But even Jane's own father is all-too aware of her sexual allure. In what has to be one of the weirdest introductory father/daughter scenes in film history, she changes in front of him and when he tries to look away, she scolds him with multiple flirtatious "darlings".

You don't often hear about Tarzan in discussions of "Pre-Code" movies,

Click to read more ...


"True Blood" Witches. True Blood Watchers?

I've been on a True Blood tear, catching up with Season 3. I haven't enjoyed it nearly as much as Season 2 (the peak) partially because the Big Bad "Russell, King of Mississippi" (Denis O'Hare) wasn't half as interesting, dynamic or amusing as immortal maenad "MaryAnn" (Michelle Forbes) from Season 2. Plus, I've missed the comedy gold that sprung up in the religious cult satire subplot which starred Jason Stackhouse (Ryan Kwanten), the ensemble's undersung hero. Yes, everyone loves his body. But he's arguably the most gifted comic in the cast.

Here's the new teaser for the fourth season of True Blood. If Fiona Shaw, the sensational stage actress, Harry Potter's Aunt Petunia, and our favorite batshit crazy sociopathic rich lady (The Black Dahlia) is this season's Big Bad, maybe Season 4 will rival Season 2?

Here's the teaser.

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Beauty Break: Tang Wei & Takeshi

Tang Wei! We're just so happy the Lust, Caution star is working again. Here she is in Cannes for her Wu Xia (2011) photoshoot.

Photographed by Andreaz Rentz for Getty

She also walked the red carpet and hit the parties with another of our favorite Asian actors, Takeshi Kaneshiro.

He's the man Hollywood SHOULD be calling if they really want to skew older for the live action version of Akira as all of the casting reports indicate that they do.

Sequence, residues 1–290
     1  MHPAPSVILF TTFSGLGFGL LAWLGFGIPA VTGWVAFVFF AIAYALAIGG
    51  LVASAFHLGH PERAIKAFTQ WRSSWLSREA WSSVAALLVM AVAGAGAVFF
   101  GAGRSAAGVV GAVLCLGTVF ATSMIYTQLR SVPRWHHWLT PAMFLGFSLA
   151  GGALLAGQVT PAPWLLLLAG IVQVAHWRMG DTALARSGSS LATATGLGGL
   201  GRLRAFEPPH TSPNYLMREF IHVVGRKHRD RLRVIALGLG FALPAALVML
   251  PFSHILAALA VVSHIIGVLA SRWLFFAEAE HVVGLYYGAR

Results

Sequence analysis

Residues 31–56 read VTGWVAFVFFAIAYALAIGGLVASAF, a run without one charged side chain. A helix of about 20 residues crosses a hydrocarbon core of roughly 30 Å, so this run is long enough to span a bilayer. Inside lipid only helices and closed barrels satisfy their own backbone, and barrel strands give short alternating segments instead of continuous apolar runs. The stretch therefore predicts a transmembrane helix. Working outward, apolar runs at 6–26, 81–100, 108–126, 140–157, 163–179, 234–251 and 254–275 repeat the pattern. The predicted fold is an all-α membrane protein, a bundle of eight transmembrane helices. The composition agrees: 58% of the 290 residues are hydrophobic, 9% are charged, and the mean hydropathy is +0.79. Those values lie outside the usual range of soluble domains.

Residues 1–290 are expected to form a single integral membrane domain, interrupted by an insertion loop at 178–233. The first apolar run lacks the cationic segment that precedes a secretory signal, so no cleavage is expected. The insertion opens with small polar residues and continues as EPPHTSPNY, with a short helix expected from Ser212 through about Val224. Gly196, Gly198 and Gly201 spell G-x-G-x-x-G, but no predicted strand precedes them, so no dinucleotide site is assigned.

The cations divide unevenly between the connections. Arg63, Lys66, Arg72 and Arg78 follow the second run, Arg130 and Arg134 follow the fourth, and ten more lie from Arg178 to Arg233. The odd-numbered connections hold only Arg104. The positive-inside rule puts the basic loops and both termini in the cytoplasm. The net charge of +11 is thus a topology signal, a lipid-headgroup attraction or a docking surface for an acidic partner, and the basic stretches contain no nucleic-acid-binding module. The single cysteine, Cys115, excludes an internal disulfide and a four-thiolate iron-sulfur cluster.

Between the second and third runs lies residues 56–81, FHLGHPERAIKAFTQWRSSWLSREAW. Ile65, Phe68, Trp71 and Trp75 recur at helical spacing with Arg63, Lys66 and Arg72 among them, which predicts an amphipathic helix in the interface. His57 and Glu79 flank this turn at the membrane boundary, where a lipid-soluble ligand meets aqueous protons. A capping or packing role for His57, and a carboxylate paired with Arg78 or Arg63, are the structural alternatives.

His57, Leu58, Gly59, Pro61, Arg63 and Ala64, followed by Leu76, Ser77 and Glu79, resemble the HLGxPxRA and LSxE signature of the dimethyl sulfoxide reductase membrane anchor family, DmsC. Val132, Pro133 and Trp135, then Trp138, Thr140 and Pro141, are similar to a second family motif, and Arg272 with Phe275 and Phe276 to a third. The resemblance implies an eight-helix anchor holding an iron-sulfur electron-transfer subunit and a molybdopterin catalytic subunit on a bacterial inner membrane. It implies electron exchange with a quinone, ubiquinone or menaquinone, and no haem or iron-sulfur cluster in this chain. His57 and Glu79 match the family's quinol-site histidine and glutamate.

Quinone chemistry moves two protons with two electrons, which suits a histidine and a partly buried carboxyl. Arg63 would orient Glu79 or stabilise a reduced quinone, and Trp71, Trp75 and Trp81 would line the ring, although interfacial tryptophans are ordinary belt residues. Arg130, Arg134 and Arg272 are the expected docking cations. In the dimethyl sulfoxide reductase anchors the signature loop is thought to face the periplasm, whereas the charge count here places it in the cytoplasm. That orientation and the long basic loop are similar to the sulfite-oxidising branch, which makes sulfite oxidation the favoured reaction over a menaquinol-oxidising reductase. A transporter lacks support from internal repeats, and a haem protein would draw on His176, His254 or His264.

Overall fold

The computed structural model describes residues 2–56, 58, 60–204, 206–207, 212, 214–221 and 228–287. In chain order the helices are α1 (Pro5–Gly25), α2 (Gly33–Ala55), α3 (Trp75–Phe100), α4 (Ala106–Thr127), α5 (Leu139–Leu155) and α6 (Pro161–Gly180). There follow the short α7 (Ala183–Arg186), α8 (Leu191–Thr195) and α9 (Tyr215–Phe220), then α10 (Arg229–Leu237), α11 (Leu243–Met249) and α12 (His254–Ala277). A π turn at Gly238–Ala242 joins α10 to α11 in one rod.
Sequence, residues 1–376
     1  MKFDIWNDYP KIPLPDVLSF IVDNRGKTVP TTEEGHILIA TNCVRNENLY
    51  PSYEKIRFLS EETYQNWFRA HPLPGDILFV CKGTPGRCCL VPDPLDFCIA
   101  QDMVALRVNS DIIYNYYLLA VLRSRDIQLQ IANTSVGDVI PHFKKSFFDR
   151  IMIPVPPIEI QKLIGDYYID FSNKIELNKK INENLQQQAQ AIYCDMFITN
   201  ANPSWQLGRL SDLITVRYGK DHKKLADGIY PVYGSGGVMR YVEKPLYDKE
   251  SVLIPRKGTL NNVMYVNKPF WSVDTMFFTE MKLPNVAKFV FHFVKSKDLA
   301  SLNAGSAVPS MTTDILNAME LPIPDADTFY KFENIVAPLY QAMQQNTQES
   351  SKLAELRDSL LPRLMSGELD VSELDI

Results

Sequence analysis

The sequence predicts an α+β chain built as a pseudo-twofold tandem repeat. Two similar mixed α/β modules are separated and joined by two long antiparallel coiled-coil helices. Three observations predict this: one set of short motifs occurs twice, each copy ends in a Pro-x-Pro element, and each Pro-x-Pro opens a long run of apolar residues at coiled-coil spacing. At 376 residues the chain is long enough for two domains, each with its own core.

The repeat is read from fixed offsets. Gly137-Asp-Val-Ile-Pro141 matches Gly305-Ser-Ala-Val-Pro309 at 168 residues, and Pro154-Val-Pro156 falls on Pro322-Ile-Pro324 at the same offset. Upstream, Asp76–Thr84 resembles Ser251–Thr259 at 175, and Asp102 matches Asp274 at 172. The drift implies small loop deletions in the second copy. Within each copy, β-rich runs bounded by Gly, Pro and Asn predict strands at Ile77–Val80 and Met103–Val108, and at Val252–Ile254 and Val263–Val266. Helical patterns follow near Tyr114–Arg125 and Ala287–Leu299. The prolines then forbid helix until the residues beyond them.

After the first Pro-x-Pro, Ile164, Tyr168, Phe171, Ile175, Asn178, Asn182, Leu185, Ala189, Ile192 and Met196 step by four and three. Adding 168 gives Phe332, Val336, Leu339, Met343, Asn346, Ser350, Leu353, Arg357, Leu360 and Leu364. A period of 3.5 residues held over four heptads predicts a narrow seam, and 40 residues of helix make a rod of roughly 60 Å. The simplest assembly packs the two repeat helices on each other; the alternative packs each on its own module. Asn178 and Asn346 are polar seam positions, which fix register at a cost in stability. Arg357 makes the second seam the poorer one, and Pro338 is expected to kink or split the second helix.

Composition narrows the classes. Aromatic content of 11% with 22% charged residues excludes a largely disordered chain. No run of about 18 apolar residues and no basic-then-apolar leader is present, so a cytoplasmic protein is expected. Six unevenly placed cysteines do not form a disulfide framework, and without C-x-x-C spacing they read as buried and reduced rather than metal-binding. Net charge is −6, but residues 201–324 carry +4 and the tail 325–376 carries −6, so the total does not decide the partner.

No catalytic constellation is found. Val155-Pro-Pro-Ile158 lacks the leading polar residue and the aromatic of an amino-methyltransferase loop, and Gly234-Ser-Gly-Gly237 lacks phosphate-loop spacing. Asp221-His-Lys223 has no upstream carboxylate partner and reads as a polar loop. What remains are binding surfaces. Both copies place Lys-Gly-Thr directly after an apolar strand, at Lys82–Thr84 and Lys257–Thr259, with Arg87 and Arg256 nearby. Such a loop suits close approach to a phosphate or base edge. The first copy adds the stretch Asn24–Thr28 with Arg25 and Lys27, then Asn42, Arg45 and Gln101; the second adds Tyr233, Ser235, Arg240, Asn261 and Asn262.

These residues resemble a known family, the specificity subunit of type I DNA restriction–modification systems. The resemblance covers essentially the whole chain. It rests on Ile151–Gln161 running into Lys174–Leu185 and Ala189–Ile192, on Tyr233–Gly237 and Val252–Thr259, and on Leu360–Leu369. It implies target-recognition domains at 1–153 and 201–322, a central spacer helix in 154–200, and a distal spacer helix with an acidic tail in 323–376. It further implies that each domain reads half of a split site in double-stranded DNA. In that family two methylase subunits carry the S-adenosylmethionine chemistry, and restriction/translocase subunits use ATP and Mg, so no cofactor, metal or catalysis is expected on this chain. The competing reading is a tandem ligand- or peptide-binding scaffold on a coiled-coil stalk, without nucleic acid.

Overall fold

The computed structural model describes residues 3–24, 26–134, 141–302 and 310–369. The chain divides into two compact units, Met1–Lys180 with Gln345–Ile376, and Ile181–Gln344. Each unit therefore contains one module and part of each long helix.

46 year-old Keanu Reeves recently turned down the lead role in the live-action version of the classic anime. We've already griped about the casting, but mostly due to the white washing. That they're ignoring the film being about teenagers doesn't bother us as much since it's so rare that Hollywood decides to go older instead of younger. Takeshi is half Japanese, a decade younger than Keanu, has movie star appeal, and looks superb in action sequences (see House of Flying Daggers among others) so why not him?


Team Experience: "Maleficent" and More

I'm always curious about your film experiences out there in the dark. That curiousity extends to the contributors here at TFE, not all of whom I know in real life given that they're spread across the globe. You know them, virtually speaking. Hopefully you love them. But I thought we'd ask them a couple of questions each week. Feel free to answer yourself in the comments and join the conversation.


JA: A tie between every single second of Emmanuel Lubeszki's photography for The Tree of Life (it's a gorgeous film that left me cold), and that probably photoshopped image of Jake Gyllenhaal doing the Grace Jones pose in his underpants. I see beautiful things!